A few months before her final exams I gathered the courage to propose to her and made her read the last paragraph of Vikram Chandra's Commonwealth Award winning book Love and Longing in Bombay:    I might ask her to marry me. If we search together, I think, we may find in Andheri, in Colaba, in Bhuleshwar, perhaps not heaven, or its opposite, but only life itself. She just ruffled my hair in what I believed was a show of affection and told that we'd wait and see what life has got for us outside the campus.

    And, to put it simply as they say in the most abused cliché that 'the rest is history'.

People advise me to move on, to search for a new life-partner as if my heart is a moss infected water tank that can be cleaned with bleaching powder and filled with fresh water. Maybe, I'll be able to do it in future (as I've started writing this nearly after nine years. Had stopped it on the day we went to meet Nirmala Auntie to discuss the first scan report). But, as of now I don't feel fully detached from Priya and her. Though, I can smile without a reason when I wake up in the morning as I used to do before. The guilt has virtually subsided and I've got semblance of a balance and as of now that is the best I can do as far as moving on is concerned.


This story was attempted as an exercise for Kochi Writers' Club, an informal gathering of friends with aspirations to write in English, in this exercise we had to use a passage of literature and I opted for the last lines of Love and Longing in Bombay by Vikram Chandra.

PS. A few posts I'd written about pre-natal detection of disability and other such things here, here and here.

Wednesday, September 21, 2011

Walking in the rain (figuratively)

    The incessant rains in mid-September is a strange phenomenon, especially these days when a drizzle for a few minutes in June-July at the peak of monsoon season is considered lucky. I've no problem with rains as such (the romantic notions don't work for me though), but I tend to feel physically weak when it rains.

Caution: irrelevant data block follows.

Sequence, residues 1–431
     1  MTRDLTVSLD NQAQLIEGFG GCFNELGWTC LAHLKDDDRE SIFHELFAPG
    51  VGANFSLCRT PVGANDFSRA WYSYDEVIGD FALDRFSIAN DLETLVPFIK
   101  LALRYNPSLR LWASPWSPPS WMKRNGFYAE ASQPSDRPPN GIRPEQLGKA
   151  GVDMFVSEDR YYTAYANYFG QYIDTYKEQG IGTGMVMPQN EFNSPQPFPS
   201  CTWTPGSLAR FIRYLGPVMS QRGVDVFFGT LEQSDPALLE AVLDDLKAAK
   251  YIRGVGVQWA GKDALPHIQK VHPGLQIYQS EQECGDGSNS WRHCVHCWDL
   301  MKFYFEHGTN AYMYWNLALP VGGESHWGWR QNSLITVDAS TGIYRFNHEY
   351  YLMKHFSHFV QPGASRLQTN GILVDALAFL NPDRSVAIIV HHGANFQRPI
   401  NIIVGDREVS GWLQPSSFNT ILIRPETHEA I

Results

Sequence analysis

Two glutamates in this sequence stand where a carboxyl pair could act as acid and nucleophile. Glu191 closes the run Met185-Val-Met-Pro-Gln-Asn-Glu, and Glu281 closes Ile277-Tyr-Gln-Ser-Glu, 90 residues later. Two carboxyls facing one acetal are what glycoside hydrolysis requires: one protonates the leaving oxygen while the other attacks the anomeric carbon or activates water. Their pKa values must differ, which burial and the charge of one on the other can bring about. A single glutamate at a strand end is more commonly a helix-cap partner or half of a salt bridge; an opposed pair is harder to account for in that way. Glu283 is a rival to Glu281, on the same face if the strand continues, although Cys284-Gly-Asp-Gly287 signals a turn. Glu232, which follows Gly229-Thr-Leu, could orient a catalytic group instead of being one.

A few days back I and pa went for a movie in the renovated Sui Theatre rechristened as EVM  Cinema that is hardly ten minutes walk from home. We reached there comfortably at 8.30 PM walking (me pushed on the wheelchair) for the Nine o’clock show. The fun started when the show got over. When we got down to the wheelchair, the crowd hadn't moved, everyone was standing in shelter. It didn't take us long to realise that it was raining. After a couple of minutes pa ventured out with a hanky on his head to find an auto-rickshaw with a carrier on the top to put the wheelchair and returned empty handed (our side of city goes to sleep around 10 PM) after ten minutes. He said; 'we better start walking Beta, hope you don't mind braving a little rain'. He was concerned about my deadline of next morning to submit the review.

    It wasn't pouring but it was surely more than a drizzle. Our clothes wet within no time. We had a bunch of boys walking ahead of us for company (normally it is a few mongrels who accompany us on such jaunts, today they had vanished maybe because they hated getting free bath).

    The showers had virtually stopped when we had covered almost eighty percent of the distance; 'God was just testing us', pa uttered. 'And, given me something to write about'. I replied.

    Even three years ago I'd have sneezed and shivered my way to bed if I got this wet in rains. Which means I have got physically stronger or is it that my mind has stopped caring about what happens to me externally?

PS. One advantage of being a wannabe writer is that whether you are depressed or ecstatic, the observer in you is calmly thinking 'how do I convert this experience into words?'

PPS. While preparing this post a quote fell into my lap courtesy A Word A Day:

A writer -- and, I believe, generally all persons -- must think that whatever happens to him or her is a resource. All things have been given to us for a purpose, and an artist must feel this more intensely. All that happens to us, including our humiliations, our misfortunes, our embarrassments, all is given to us as raw material, as clay, so that we may shape our art. -Jorge Luis Borges, writer (1899-1986)

Sunday, September 18, 2011


One of my short stories The Diary has appeared in the Jul-Sep 2011 issue of Success & Ability.

I had put up a Teaser of that story here.